Monday, May 28, 2012

Knowing a Hawk From a Handsaw

From 05/25/2012, an excellent Wall Street Journal article titled, Knowing a Hawk From a Handsaw by Laura Jacobs, a historical review of bird field guides.

Monday, May 21, 2012

Magee Marsh again

Again, on Saturday,  I went to Magee Marsh with birding friend Rodolfo Palma.  Overall, it was a slow birding day.  But it was Magee Marsh in May so we still saw lots of birds. 

Prothonotary Warbler
Common as it it, I can't resist an American Robin
perched in the sun
A Fox snake added some excitement to our day
This was a long, large snake and it slowly
slithered up a smallish tree.
The was the first time I have seen a Fox snake; so named
because it emits the musky odor of a fox or skunk when
Nest with two baby robins.
Philadelphia Vireo - perhaps my best bird for the day.  I
took approximately 20 images but this was my only
semi-salvageable shot.

Tree Swallow

Thursday, May 17, 2012

NAMC, 5/12/2012: some images

A long day of counting with average results.  Started out at Belle Isle for most of the day followed by William Millikan State Park and Willow Run Airport.

Canada Goose high in a tree, Belle Isle

Eastern Kingbird, Belle Isle

Spotted Sandpiper, William Millikan State Park

Banded juvenile Red-tailed Hawk, Willow Run Airport

Sunday, May 6, 2012

Dolph Nature Area and Stommel Road

Yesterday I met up with Harold and Artemis Eyster and their mom, Diana Newman, to bird around Dolph Nature Area in Ann Arbor. Harold and Artemis were raised birding in this small park and know it like the back of their hands.  This was only my third or fourth visit. Secondary to the migrant fallout of the previous day we thought there was a good chance we would see a lot of birds.  We did see many, as one will always do this time of year, but the hoped for second fallout day didn't happen.  Arrivals to the nature area the day before had probably departed during the night. 

The swamp sparrow photo above was taken from quite a distance and is fuzzy, but I like the pose of this bird as it seems to be the typical style of a singing swamp sparrow.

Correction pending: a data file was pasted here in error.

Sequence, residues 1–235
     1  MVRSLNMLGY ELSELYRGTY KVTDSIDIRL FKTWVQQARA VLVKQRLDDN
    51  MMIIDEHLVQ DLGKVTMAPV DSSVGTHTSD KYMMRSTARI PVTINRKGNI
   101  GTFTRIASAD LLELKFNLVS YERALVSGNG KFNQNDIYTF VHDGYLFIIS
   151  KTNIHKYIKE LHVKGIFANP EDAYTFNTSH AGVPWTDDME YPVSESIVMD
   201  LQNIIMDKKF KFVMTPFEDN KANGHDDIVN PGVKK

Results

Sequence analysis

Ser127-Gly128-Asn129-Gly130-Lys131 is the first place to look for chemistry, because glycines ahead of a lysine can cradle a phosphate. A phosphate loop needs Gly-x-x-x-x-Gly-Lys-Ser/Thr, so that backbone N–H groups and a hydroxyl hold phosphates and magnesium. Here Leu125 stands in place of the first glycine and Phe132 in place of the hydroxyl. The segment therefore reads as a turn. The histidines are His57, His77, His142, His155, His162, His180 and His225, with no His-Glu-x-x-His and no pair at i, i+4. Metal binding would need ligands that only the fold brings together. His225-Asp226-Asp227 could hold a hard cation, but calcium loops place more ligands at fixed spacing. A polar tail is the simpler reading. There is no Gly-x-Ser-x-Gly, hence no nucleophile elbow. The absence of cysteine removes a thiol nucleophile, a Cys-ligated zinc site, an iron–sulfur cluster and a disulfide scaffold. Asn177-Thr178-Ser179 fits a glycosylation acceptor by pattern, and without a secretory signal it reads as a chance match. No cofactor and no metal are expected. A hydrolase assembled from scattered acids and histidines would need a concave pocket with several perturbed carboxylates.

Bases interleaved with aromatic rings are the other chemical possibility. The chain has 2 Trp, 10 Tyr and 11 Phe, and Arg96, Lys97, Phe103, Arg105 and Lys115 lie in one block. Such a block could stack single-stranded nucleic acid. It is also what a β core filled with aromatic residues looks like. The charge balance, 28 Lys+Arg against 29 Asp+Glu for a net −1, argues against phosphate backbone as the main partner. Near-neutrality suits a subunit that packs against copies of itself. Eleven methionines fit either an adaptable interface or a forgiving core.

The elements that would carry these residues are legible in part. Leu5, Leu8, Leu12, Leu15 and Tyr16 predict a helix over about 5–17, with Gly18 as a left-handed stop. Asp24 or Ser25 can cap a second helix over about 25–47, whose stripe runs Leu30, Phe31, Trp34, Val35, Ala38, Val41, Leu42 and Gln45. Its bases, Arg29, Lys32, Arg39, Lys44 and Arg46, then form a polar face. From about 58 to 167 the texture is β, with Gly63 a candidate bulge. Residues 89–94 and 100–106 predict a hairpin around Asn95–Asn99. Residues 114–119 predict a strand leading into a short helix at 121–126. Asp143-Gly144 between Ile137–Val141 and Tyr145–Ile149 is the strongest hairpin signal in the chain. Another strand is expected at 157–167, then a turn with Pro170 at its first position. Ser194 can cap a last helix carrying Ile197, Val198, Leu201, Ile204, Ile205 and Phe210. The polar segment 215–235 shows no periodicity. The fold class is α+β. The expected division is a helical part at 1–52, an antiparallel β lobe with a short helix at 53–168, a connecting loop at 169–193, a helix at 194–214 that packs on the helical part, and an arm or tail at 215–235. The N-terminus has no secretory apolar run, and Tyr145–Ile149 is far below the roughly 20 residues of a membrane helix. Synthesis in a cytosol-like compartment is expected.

I moved on to Strommel Road in Superior Township to try to find a kirtland's warbler reported from earlier in the morning by Andy Dettling.  I didn't see or hear the kirtland's, but I did get a photo and video of this charming eastern towhee.  Almost certainly this is my best towhee photo yet as I typically always find them hidden in the bushes or quick to flush. 

The fact that this bird allowed me to shoot video for 1:50 was amazing. I was hoping for the full drink your tea song, but he stuck to his abbreviated simple trill.

A bit further down Stommel Rd. I stopped at some conifers to see if the kirland's may have stopped here.  No luck with that, but I heard the stutter vocalization of the wood thrush. 

I found him quite high up.  Remarkably I was able to get this pretty decent photo, given the distance and poor light, through a window in the foliage.  He was also singing and I took video, but that was too fuzzy to post here or even to save.  At one point this bird and a brown thrasher were singing at the same time.  A bit of a dueling songfest. 

Tuesday, May 1, 2012

Scissor-tailed Flycatcher

A true beauty!  I learned that Nathan Crawford found this bird followed by Paul Cypher's quick reporting to the listserves.  I thought this bird might be possible to chase when I got off work.  There were the typical end-of-day barriers to a quick departure, but finally I got away.  The traffic on I-94 west was not too bad and I made it to the bird - and other birders - by 5:00 pm.  The early evening light was bright overcast with a significant amount of glare.  I got home and quickly deleted most of my photos; these that I offer below are my best.

The bird was so beautiful in flight.  I tried to get video of this but it was difficult.  I deleted most of the segments where I'm panning across the grass trying to locate the bird.  I did get some brief shots of its flycatching activity; made more unique by it's open scissor tail.